It seems to me that, yes or no, our decision must be part of a historical process. And it therefore seemed that, to make an informed decision, I would have to understand fully why we are where we are now. For most people, this would sound straightforward because they are taught their own history in school. In Scotland, however, when I was growing up, we were taught what was called British history – in fact, the history of England primarily. Just as we were expected to read English authors and English poets rather than Scots. Hence my much deeper knowledge of Henry VIII (King of England) than James IV (King of Scotland); and of Dickens and Shakespeare than of Sir Walter Scott and Robert Burns. I wonder if you find that as shocking as I do? The shock didn’t hit me until well into adulthood though – it had been happening for generations and most people accepted it unthinkingly. In the same way, when we speak or write formally, we are expected to do so in English, the language we are educated in – not Scots, a language that is in danger of dying out completely, nor even Gaelic, despite recent attempts to revive it.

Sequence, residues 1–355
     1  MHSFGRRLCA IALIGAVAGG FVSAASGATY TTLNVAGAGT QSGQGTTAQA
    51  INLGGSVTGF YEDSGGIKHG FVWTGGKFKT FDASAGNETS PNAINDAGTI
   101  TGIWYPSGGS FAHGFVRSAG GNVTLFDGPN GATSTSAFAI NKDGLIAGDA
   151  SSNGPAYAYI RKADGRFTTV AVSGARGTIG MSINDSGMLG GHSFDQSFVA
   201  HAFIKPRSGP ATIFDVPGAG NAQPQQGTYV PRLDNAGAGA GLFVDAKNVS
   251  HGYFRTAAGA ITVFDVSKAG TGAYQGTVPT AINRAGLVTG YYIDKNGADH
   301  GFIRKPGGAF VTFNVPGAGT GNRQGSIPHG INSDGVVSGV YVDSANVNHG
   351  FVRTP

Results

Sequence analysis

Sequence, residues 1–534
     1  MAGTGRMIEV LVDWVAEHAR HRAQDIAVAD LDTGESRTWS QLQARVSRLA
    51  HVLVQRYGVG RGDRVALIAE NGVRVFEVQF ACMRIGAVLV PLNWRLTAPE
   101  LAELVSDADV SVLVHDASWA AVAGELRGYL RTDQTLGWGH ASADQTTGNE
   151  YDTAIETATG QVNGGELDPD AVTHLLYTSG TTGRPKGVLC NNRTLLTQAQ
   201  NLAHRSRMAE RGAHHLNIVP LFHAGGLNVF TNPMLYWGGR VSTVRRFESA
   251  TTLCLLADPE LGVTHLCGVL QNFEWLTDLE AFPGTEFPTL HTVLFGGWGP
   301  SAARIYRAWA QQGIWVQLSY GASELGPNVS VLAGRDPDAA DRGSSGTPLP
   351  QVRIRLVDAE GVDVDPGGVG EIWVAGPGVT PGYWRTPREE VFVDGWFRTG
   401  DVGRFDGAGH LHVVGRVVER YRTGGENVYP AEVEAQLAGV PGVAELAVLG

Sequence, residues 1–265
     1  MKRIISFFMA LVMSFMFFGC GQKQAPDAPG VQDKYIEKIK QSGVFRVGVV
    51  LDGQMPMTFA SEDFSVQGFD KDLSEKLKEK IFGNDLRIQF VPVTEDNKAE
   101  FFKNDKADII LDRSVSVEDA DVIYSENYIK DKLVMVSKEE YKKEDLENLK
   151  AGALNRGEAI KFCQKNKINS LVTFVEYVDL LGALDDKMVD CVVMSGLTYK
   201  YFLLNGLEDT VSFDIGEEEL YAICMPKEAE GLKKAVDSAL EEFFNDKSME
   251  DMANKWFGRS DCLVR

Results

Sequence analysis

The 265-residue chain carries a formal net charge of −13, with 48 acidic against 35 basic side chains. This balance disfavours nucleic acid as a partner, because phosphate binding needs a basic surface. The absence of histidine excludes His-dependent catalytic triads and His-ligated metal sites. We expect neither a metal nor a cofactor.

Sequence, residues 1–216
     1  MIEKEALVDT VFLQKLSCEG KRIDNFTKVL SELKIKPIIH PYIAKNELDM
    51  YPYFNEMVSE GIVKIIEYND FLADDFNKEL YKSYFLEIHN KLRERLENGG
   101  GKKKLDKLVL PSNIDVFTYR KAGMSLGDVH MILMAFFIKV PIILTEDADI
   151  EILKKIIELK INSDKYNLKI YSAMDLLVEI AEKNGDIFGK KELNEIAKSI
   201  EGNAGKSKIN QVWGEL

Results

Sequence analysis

Those of you who have followed my blog for a while will perhaps now understand why I have spent so much of this last year or more grappling with Scotland’s history and place in the world. I have read widely on subjects related to Scotland’s history – the Union, the Enlightenment, the Scottish diaspora, the British Empire, the American War of Independence and reasons for it, the after-effects of the break-up of the Empire on the countries that were once its dominions and colonies, the purpose and state of the Commonwealth today, the formation and purpose of the United Nations, the background to and status of the European Union. And I’ve read some polemics from people on either side of the debate, though mostly from the Yes side, since very little positive has been said or written on the No side (who unfortunately decided early on to go with scare tactics rather than a positive campaign). And I am by no means the only Scot who has been going through this process.